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Duncan Brown, 19, sophomore business major, registers to vote at a New Era Colorado tent outside the UMC as CU graduate, Becca Moser, 22, answers questions. (James Bradbury/CU Independent File)
Duncan Brown, 19, sophomore business major, registers to vote at a New Era Colorado tent outside the UMC as CU graduate, Becca Moser, 22, answers questions. (James Bradbury/CU Independent File)

Opinion: Taking away your right to vote, one state at a time

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As a person living in 21st-century America, you probably think you live in the freest nation on Earth, one that respects the rights of all its citizens. After centuries of progress, you might think we’re finally at a point where everyone has an equal right to, I don’t know, let’s say, vote? 

Actually, no — not if Republican governors have anything to say about it. Republican-led states across the nation have been cracking down on “voter fraud,” in which persons may try to cheat during the election process by voting under a false identity. Last Thursday, Wisconsin joined the nine states that have passed new restrictions on voting and voter registration since 2013.

Democrats have argued that Republicans passed the laws for political reasons, as the new rules will most likely affect minorities and poor voters. But Republicans maintain that the rules are about voter fraud and fairness. So why are these laws really popping up?

What exactly are the new rules?

It depends on what state you look at. Currently, 16 states require photo ID at the polls, and another 16 states require a non-photo ID. The problem is that “photo ID” can mean a lot of things. In Texas, a gun permit is acceptable but a student ID is not, a quirk that would favor conservative gun owners over college students, who tend to be more liberal. Wisconsin, like most of the states, strictly requires a government-issued ID, most commonly a driver’s license. The problem there is that minorities, the poor and the elderly — all historically Democratic voters — are less likely to own a driver’s license. In Milwaukee alone, black voters are 40 percent less likely to have the required ID.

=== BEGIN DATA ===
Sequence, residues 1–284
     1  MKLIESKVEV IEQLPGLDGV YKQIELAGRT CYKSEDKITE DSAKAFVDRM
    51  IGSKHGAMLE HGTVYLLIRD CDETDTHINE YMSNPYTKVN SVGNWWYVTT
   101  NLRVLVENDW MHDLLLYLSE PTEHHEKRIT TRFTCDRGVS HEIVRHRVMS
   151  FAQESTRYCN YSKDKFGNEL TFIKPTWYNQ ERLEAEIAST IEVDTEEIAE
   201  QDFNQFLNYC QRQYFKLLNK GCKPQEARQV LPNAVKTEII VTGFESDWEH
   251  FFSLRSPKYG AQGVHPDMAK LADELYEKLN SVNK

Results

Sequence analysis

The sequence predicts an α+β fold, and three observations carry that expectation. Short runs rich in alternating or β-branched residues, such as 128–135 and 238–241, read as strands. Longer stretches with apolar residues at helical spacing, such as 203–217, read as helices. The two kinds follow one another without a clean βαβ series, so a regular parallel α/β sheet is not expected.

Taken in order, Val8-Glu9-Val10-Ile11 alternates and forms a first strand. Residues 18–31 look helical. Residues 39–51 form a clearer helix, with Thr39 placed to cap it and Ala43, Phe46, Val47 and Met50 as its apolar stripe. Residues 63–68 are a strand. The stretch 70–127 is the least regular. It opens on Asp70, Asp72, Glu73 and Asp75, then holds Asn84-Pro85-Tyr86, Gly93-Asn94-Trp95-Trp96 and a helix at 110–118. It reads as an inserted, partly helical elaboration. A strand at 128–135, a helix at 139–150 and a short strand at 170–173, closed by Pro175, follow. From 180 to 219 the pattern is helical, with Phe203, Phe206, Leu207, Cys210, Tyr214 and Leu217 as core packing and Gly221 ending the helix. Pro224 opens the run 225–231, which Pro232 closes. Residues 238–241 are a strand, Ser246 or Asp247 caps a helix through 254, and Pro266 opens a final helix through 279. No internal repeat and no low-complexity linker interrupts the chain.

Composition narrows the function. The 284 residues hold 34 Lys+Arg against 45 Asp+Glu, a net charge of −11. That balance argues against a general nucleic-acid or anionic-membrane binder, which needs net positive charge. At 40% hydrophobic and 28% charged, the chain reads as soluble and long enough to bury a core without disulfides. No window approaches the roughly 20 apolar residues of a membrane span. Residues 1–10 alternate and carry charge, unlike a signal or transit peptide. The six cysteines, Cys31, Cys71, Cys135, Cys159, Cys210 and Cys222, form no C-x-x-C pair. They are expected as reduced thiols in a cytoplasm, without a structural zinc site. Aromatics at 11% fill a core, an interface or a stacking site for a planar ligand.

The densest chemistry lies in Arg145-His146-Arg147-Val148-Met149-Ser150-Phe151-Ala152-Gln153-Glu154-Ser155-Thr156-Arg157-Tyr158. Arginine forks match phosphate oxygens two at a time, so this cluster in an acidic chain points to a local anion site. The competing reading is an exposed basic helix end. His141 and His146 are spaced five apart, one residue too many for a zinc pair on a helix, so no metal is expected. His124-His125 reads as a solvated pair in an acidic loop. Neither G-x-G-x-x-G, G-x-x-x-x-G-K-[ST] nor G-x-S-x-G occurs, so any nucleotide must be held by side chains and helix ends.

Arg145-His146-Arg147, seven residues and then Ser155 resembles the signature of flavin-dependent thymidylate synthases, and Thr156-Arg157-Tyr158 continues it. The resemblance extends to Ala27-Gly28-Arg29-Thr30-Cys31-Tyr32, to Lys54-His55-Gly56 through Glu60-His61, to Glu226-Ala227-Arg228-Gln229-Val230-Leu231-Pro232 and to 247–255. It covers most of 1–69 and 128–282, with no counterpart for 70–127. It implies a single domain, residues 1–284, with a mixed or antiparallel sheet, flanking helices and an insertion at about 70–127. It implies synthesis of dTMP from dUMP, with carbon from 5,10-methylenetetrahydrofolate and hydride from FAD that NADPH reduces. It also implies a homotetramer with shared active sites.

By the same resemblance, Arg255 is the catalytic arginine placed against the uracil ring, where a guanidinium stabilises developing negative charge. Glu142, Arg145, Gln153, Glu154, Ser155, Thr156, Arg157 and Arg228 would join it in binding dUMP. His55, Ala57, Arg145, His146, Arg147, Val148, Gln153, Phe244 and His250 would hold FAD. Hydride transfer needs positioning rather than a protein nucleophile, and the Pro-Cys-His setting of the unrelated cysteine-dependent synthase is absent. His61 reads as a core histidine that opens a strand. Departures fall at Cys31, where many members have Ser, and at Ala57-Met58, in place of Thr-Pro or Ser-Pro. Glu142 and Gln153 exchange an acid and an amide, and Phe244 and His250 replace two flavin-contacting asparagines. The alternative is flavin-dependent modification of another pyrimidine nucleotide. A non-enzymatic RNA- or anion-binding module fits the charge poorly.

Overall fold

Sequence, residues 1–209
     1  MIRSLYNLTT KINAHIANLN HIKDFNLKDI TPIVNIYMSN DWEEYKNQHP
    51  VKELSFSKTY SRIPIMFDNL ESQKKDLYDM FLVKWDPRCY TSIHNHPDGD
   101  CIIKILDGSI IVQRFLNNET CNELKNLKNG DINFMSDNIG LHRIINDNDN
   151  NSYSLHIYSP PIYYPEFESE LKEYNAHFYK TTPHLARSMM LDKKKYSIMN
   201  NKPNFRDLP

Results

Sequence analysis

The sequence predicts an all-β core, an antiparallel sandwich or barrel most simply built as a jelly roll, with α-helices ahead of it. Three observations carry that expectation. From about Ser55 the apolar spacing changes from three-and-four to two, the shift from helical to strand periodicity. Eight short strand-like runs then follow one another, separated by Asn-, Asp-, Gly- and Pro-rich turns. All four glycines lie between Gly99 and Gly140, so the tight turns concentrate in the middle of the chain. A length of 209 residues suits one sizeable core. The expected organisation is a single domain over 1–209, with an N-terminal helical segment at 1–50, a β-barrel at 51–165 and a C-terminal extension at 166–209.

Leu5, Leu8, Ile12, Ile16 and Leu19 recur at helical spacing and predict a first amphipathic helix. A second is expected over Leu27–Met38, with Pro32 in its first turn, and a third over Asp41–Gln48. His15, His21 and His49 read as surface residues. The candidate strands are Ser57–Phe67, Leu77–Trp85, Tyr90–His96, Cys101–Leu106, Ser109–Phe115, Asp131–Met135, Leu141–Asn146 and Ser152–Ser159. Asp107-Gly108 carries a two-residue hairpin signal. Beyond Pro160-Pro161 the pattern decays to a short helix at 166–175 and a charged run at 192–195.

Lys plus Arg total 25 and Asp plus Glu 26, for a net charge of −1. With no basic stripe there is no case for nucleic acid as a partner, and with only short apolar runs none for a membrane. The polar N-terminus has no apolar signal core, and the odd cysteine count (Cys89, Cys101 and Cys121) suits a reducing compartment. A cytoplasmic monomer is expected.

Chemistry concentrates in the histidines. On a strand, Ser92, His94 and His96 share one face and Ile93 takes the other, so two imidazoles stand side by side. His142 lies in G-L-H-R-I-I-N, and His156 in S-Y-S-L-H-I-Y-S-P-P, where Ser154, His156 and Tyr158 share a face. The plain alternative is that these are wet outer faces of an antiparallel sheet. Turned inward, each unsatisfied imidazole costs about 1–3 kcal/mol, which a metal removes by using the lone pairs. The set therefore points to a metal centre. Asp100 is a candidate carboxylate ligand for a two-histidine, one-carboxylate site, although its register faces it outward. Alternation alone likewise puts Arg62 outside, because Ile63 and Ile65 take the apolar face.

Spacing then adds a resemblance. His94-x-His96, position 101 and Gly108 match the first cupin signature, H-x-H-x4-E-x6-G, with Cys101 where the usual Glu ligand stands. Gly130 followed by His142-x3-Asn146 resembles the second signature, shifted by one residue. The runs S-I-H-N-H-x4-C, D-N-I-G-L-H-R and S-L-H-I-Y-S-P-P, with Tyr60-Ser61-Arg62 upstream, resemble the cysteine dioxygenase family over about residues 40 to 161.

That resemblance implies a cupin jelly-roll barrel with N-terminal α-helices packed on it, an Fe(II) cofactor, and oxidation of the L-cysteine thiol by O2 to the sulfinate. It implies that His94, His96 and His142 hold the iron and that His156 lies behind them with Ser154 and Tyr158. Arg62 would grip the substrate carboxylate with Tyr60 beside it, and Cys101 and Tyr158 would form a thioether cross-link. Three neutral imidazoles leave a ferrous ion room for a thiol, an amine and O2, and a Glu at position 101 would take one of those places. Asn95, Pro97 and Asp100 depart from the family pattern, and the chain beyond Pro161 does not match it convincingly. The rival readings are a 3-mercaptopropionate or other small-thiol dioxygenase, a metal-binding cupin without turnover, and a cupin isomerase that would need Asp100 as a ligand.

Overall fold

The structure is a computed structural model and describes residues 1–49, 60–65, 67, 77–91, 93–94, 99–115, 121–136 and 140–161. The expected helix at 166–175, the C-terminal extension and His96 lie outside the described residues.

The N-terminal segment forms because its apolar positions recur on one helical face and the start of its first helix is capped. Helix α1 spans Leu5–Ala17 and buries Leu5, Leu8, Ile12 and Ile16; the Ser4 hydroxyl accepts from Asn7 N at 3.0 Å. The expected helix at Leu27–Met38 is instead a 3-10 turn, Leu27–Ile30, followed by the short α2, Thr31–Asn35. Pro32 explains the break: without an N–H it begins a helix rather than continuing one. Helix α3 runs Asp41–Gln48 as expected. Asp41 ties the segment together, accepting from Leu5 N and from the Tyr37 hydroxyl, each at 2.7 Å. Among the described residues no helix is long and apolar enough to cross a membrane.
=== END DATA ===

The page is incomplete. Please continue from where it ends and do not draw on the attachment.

The recent eruption of new voting laws came after the Supreme Court struck down a part of the 1965 Voting Rights Act in 2013. That part of the law required that Southern states with a history of discriminatory voting policies must check with the Justice Department before implementing any new voting law, a rule that was supposed to protect minorities’ rights in the South. The Court thought it was no longer necessary.

The court was wrong. When you let the South do what it wants, you get North Carolina cutting early voting and same-day registration and requiring photo ID that excludes student and state worker IDs. Other states followed suit, hopping on the crusade to fight “voter fraud.”

But that’s not what this is about.

If you had any suspicion that the laws weren’t really about fraud, Pennsylvania House Majority Leader Mike Turzai will back you up. During the 2012 presidential campaign, he got on stage and declared that a Pennsylvania voter ID law is what would win Romney the election.

Turzai was just being honest about the intention of these laws. Minorities and the poor are less likely to have the right ID or to be able to pay the fees to acquire a state-issued ID. Kansas and Arizona now require proof of citizenship for voter registration — birth certificate, passport or the like — which is a giant obstacle to those who don’t have or can’t afford to quickly get those documents. Wisconsin was nice enough to provide a “free” state-issued ID to those who ask, but it was putting up a $28 dollar charge to every person who wasn’t aware the IDs were supposed to be free. When a government worker tried to remind his coworkers to tell people the IDs were free, he was fired.

Show me the fraud!

The fact is there is nearly no voter fraud in our country. From 2002 to 2007, the Justice Department found 120 cases of fraud, 86 of which led to convictions (which is around 0.00000027 percent of the entire U.S. population), and some of those involved people who just filled out the forms incorrectly.

And if Republican governors really wanted to crack down on this “fraud” we speak of, they would just implement a system in which everyone is required to have a government ID specifically for voting and then mail an ID to every state citizen. But that is not the case.

Once upon a time, there was the Constitution.

The new voting laws remind us of the days when states would charge people a poll tax in order to vote — our leaders are just more crafty now. Any unnecessary obstacle to voting aimed at a certain group of people is in violation of the equal protection clause of the 14th Amendment and in violation of the freedom our country stands for. The Justice Department has begun to sue states like North Carolina and Texas over these voting laws, but what we can do is to vote out any elected official who won’t stand up for voting rights and instead elect those who will. We need to exercise our rights, not give them away.

Contact CU Independent Staff Writer Ellis Arnold at

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